CBI Web Exhibits Y2K
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Preparing for an Apocalypse: Y2K

A web resource based on the exhibit curated by Stephanie H. Crowe

Y2K – also known as the Millennium Bug, or the Year 2000 Problem – was caused by a shortcut taken by early computer programmers. To conserve memory space, early programmers recorded the year using the last two digits rather than four. Computers using this system would then recognize the year 2000 as the year 1900 instead, potentially causing serious problems in many different sectors of business and government.

Concerns about the potential impact were extensive. Computers were envisioned breaking down or behaving erractically. With the extent to which computers had by then become a part of so many machines, cars and appliances, the potential problems seemed enormous and some people feared a complete collapse of societal infrastructures. When this did not occur, society moved on and forgot how important a subject this was on a global scale just a short time ago. The materials seen in this exhibit demonstrate a range of institutions and approaches to the Millennium Bug, from governmental preparations to personal disaster planning.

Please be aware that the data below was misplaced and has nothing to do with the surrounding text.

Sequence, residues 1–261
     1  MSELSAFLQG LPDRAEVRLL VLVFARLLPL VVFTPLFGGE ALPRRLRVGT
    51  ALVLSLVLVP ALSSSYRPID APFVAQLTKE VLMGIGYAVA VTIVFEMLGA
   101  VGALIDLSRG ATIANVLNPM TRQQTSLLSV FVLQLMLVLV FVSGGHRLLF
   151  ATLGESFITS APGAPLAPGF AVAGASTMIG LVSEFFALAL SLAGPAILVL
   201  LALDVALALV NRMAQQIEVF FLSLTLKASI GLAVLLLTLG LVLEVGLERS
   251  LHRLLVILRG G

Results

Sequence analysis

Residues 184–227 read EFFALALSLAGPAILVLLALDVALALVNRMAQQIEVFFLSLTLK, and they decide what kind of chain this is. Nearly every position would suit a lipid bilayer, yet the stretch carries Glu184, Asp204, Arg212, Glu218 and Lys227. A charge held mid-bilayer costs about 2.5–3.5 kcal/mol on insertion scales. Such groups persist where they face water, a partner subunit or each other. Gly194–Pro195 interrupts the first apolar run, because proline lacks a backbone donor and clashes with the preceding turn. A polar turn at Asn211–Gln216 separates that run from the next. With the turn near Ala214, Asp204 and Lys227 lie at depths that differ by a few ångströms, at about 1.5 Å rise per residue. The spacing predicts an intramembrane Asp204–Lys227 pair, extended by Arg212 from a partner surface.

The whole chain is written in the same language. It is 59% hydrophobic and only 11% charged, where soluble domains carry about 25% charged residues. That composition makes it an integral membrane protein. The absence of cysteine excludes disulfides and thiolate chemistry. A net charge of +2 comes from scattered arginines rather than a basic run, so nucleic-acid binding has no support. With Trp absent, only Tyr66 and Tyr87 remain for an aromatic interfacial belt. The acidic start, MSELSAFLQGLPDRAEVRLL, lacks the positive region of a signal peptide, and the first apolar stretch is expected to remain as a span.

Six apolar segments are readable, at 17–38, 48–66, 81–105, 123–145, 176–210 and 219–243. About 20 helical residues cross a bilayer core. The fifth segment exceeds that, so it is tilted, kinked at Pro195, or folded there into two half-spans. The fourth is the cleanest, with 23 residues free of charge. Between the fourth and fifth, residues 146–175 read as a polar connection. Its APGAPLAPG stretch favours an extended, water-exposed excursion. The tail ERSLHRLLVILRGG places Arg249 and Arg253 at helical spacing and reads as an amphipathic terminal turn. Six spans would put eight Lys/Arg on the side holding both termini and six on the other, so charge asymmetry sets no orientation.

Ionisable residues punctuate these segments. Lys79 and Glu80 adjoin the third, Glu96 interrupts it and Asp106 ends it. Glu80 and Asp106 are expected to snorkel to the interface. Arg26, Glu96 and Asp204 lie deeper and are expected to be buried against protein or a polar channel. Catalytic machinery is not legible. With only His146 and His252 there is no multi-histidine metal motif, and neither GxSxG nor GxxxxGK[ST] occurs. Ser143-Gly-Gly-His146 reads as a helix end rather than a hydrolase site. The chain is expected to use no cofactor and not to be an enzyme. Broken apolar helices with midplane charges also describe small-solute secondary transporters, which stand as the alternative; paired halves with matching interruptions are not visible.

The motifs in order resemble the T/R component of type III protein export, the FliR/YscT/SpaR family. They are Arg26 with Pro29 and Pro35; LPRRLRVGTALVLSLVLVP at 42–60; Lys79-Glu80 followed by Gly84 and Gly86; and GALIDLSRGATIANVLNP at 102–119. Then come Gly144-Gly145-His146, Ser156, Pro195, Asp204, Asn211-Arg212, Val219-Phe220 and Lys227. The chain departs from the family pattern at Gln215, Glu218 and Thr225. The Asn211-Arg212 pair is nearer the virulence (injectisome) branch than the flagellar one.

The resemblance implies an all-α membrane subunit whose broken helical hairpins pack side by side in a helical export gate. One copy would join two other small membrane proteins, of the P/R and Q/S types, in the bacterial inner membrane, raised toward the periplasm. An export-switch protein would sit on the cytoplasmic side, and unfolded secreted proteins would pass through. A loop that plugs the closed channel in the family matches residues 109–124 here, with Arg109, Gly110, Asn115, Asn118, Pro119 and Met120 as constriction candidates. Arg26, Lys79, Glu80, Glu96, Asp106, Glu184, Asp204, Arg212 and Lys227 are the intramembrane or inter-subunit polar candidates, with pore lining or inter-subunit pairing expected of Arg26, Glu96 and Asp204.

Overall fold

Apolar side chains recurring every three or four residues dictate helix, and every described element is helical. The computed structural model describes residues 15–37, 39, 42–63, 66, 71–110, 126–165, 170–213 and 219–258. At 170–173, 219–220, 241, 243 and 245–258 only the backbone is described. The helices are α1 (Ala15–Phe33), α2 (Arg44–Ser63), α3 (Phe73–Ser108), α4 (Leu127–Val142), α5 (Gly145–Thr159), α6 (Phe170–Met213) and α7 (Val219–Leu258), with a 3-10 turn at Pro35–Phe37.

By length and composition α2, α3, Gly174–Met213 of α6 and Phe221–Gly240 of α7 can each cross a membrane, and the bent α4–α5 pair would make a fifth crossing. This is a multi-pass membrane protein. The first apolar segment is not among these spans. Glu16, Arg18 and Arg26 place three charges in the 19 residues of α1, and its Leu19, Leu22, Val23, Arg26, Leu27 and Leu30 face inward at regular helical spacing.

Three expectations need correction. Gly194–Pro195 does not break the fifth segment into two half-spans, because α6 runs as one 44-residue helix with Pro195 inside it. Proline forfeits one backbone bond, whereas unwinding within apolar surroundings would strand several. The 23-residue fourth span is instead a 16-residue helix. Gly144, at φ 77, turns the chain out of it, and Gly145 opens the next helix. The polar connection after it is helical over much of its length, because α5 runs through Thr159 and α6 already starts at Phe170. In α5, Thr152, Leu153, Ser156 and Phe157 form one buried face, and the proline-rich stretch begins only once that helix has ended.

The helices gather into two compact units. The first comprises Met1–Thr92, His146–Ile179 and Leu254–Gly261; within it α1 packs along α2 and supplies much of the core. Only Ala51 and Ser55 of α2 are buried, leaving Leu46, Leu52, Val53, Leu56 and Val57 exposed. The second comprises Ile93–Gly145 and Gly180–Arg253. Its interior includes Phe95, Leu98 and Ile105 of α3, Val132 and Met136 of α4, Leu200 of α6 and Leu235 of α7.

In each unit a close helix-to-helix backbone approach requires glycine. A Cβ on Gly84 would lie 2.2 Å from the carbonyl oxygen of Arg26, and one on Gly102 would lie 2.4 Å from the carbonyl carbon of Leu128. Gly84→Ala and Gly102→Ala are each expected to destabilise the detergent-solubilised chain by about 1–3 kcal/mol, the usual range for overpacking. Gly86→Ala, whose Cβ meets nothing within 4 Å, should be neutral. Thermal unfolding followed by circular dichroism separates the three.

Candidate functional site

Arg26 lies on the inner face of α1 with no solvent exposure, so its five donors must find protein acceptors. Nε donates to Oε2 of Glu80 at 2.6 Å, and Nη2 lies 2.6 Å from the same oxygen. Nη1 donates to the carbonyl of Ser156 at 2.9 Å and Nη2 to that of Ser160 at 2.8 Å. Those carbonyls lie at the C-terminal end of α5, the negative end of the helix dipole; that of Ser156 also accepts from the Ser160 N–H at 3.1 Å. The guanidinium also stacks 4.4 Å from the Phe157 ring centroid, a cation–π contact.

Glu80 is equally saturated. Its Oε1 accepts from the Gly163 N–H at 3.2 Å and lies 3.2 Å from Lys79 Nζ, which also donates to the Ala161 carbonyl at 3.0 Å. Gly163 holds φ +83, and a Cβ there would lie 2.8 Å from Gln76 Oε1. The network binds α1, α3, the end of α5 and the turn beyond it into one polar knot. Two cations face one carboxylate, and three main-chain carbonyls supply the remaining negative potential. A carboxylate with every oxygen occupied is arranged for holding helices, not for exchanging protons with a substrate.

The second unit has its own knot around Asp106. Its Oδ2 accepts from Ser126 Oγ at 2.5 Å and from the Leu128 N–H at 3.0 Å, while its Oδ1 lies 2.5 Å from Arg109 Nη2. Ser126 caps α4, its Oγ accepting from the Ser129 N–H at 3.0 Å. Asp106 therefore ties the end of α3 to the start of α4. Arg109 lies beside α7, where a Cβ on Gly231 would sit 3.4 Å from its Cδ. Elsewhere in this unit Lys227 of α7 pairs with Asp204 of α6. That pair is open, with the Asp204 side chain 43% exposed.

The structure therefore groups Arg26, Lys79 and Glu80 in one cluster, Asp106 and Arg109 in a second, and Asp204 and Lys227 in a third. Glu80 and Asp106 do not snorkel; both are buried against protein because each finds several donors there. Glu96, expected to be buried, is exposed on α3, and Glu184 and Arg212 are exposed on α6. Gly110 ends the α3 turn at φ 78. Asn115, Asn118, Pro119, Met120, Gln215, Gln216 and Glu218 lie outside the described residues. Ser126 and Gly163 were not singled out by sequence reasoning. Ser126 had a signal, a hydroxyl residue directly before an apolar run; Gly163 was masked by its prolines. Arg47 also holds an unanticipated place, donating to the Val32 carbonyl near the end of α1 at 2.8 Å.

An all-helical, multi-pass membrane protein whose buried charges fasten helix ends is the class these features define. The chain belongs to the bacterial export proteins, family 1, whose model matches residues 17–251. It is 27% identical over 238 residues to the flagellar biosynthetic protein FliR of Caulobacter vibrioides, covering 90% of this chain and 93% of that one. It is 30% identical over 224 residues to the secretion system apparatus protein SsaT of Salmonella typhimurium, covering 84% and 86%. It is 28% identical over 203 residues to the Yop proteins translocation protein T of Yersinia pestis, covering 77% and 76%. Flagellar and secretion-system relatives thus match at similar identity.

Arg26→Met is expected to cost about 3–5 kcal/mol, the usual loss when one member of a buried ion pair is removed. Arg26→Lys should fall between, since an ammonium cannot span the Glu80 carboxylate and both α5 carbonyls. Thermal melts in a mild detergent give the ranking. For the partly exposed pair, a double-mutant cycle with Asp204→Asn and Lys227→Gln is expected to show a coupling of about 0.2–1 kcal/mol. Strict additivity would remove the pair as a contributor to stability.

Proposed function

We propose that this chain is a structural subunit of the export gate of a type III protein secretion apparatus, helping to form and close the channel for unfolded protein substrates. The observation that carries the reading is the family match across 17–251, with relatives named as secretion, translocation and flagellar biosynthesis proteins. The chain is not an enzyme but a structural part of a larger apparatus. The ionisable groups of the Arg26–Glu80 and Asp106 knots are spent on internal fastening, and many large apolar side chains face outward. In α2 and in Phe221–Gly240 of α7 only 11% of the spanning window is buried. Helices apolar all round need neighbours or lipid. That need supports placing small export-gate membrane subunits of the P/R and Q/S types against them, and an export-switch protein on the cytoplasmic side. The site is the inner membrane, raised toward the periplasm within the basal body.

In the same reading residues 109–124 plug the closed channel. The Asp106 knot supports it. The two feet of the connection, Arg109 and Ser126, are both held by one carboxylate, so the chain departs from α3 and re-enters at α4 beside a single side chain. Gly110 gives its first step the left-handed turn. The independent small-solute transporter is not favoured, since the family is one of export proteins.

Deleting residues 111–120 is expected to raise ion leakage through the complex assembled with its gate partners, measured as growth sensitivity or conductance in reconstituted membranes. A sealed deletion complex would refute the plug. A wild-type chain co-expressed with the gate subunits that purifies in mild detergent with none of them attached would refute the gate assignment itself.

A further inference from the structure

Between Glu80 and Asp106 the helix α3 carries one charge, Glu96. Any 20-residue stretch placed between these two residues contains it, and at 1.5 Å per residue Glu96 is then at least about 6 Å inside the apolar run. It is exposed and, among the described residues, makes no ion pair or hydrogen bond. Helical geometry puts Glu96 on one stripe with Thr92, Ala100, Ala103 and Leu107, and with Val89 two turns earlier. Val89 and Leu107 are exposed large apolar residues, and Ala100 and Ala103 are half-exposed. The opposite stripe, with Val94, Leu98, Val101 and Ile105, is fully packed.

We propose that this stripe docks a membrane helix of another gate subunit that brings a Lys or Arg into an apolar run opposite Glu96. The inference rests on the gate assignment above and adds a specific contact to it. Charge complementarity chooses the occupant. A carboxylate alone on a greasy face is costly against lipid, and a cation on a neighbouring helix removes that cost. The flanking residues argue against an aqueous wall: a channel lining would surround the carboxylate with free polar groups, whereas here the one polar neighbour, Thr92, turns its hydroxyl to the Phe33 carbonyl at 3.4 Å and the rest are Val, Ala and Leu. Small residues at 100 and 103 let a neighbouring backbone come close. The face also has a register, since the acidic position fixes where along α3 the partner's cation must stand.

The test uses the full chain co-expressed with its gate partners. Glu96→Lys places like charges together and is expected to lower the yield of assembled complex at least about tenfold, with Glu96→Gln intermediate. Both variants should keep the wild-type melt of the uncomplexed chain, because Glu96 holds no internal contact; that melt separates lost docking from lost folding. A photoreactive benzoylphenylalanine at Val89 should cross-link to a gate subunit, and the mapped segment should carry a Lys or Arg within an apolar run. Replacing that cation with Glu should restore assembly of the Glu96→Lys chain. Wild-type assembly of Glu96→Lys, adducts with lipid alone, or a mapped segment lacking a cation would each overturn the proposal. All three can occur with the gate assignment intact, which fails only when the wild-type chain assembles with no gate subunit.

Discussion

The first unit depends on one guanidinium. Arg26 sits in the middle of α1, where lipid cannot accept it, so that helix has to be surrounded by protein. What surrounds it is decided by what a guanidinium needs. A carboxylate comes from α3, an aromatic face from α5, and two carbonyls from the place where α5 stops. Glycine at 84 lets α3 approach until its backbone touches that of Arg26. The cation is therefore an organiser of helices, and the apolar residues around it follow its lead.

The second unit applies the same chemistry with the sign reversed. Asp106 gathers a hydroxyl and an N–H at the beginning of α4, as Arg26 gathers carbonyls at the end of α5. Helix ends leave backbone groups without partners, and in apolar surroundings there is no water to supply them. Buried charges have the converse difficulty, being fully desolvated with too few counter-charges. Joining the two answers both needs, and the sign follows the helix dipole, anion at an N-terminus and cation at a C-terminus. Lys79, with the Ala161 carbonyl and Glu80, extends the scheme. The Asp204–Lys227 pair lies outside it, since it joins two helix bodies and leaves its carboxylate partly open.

All featured materials come from the records of two Y2K-related organizations held by The Charles Babbage Institute – the International Y2K Cooperation Center and the Center for Y2K and Society – both of which provide insight into this short but fascinating episode in the history of information technology. 

International Y2K Cooperation Center
The International Y2K Cooperation Center (IY2KCC) was established in 1988, according to its records, “at the behest of national Y2K coordinators from over 120 countries.”  As its name states, the mission of the IY2KCC was to promote cooperation – among governments, businesses, and countries – to minimize any serious problems that could arise from the year 2000 date conversion.  The Center closed in March 2000. 

Center for Y2K and Society
The slogan for the Center for Y2K and Society was “It’s not just about computers. It’s about people.” The Center focused on helping nonprofits and foundations to prepare for and respond to the societal impacts of Y2K. Its website in 1999 contained a front-page “breaking news” section listing dire headlines: “Medicaid system at risk of failing in over half of states. Survey reveals most schools not ready for Y2K. Only three states are Y2K ready.”

 

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These materials are covered under the copyright law (Title 17, U.S. Code).